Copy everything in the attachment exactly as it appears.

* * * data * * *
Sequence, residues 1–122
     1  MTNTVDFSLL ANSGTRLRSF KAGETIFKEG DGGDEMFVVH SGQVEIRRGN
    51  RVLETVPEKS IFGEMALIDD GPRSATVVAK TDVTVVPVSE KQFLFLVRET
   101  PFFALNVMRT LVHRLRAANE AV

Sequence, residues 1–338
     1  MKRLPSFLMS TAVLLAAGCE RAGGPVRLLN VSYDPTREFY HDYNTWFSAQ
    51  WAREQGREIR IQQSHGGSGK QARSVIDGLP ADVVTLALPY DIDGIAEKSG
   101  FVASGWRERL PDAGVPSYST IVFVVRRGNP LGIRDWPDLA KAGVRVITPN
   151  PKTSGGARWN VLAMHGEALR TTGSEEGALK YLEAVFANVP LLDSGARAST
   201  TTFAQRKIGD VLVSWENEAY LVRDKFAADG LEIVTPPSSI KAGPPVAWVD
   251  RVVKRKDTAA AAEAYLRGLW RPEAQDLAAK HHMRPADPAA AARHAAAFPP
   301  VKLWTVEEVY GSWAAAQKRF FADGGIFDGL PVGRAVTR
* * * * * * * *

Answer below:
Sequence, residues 1–122
     1  MTNTVDFSLL ANSGTRLRSF KAGETIFKEG DGGDEMFVVH SGQVEIRRGN
    51  RVLETVPEKS IFGEMALIDD GPRSATVVAK TDVTVVPVSE KQFLFLVRET
   101  PFFALNVMRT LVHRLRAANE AV

Sequence, residues 1–338
     1  MKRLPSFLMS TAVLLAAGCE RAGGPVRLLN VSYDPTREFY HDYNTWFSAQ
    51  WAREQGREIR IQQSHGGSGK QARSVIDGLP ADVVTLALPY DIDGIAEKSG
   101  FVASGWRERL PDAGVPSYST IVFVVRRGNP LGIRDWPDLA KAGVRVITPN
   151  PKTSGGARWN VLAMHGEALR TTGSEEGALK YLEAVFANVP LLDSGARAST
   201  TTFAQRKIGD VLVSWENEAY LVRDKFAADG LEIVTPPSSI KAGPPVAWVD
   251  RVVKRKDTAA AAEAYLRGLW RPEAQDLAAK HHMRPADPAA AARHAAAFPP
   301  VKLWTVEEVY GSWAAAQKRF FADGGIFDGL PVGRAVTR